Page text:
Project 6 - Defining the Sustainable Uses of Low-As Aquifers in Bangladesh
PI - Lex van Geen

The first goal of this project is to continue to lower the exposure to arsenic (As) of a cohort of 24,000 men and women recruited under the Health Effects of Arsenic Longitudinal Study (HEALS). This will be achieved by testing the numerous household wells that continue to be installed within the study area of Araihazar, using both laboratory measurements and field kits with support from Core C. In addition, the 110 deep community wells installed in some of the most affected portions of the study area will continue to be monitored. Beyond the ethical motivation, lowering exposure will help define exposure estimates of the study population and, therefore, the dose-response relationships for various end-points studied under Projects 1, 2, and 3.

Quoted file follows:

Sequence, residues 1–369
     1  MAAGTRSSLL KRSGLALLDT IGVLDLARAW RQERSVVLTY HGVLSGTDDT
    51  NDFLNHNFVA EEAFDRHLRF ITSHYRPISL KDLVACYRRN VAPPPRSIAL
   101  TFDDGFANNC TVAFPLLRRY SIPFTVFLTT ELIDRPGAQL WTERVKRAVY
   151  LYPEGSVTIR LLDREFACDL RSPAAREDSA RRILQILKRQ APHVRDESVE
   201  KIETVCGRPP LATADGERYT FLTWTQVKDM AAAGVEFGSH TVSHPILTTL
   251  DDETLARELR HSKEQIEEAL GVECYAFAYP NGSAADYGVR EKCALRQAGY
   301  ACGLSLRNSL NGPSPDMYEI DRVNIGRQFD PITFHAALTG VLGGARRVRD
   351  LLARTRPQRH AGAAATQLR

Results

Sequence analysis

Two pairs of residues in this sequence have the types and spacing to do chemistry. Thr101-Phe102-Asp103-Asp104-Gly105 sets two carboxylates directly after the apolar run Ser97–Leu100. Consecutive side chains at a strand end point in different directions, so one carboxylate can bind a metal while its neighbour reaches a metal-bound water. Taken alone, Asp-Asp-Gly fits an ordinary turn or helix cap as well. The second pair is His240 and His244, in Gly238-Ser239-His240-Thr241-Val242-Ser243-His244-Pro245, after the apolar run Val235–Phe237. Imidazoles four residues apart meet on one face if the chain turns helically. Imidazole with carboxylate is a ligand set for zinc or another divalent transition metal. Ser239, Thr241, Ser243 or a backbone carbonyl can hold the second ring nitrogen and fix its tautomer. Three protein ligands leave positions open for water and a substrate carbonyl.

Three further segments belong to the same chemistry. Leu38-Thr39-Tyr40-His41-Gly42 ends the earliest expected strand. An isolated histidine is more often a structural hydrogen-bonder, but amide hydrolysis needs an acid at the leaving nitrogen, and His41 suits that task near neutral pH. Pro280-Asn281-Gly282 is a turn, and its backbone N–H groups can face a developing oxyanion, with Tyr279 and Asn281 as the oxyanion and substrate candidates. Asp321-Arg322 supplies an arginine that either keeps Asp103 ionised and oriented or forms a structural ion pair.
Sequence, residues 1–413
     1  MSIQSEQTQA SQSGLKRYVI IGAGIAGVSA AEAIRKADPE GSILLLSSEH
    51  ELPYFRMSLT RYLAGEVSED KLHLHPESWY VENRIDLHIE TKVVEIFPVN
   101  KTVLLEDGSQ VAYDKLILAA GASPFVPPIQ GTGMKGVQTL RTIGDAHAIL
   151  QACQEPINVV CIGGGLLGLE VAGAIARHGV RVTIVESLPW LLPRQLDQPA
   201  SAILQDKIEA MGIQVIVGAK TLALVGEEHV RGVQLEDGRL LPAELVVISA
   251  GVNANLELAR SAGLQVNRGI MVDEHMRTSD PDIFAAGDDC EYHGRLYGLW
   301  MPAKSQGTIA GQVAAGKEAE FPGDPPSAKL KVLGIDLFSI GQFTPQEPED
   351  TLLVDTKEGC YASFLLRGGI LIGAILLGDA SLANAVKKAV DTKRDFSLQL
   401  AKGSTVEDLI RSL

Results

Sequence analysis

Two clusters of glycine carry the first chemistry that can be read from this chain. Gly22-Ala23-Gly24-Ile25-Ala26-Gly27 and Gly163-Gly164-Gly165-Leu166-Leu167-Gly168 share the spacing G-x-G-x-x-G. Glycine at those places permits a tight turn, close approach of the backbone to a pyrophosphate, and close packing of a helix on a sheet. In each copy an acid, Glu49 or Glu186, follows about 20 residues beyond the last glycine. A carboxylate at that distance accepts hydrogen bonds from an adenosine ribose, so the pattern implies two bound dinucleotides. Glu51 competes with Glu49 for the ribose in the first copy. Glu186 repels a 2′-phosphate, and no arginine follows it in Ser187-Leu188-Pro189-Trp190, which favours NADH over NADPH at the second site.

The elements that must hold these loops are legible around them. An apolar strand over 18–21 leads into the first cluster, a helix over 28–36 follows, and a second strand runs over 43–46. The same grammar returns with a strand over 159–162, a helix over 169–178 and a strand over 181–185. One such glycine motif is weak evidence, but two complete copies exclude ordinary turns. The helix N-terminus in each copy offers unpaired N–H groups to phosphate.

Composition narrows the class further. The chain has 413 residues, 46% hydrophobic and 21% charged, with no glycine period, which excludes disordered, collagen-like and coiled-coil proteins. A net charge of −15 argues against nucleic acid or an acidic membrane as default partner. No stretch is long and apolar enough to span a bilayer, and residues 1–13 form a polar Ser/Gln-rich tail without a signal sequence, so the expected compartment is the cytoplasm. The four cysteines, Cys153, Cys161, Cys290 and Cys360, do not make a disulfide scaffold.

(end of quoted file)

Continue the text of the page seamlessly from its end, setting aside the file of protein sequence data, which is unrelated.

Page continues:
The second goal of the project is to improve our understanding of the processes that threaten the quality of groundwater in aquifers that are presently low in As in Bangladesh by conducting field investigations. To determine the vulnerability of shallow (<30 m) aquifers that are tapped by most household wells, a ~1 km2 open field area located between a high-As and a low-As village of Araihazar will be densely instrumented and monitored for an entire year. Four ponds will then be dug and a nearby area raised with the fill to simulate the rural development of the region. The impact of this perturbation on the local hydrology and biogeochemistry (including As) of the perturbed areas, as well as two unperturbed controls, will be monitored for three years. To determine the vulnerability of deeper (>100 m) low-As aquifers, the origin of the failure of a handful of community wells in Araihazar will be investigated using a combination of geophysical, hydrological, and biogeochemical approaches supported under Project 4 and Cores C and D. The potential for downward incursion of shallow high-As groundwater on a broader scale due to intensive deep pumping below the city of Dhaka will be evaluated and modeled. These investigations will be carried out in the country where the health impact of As release to groundwater is by far the largest worldwide.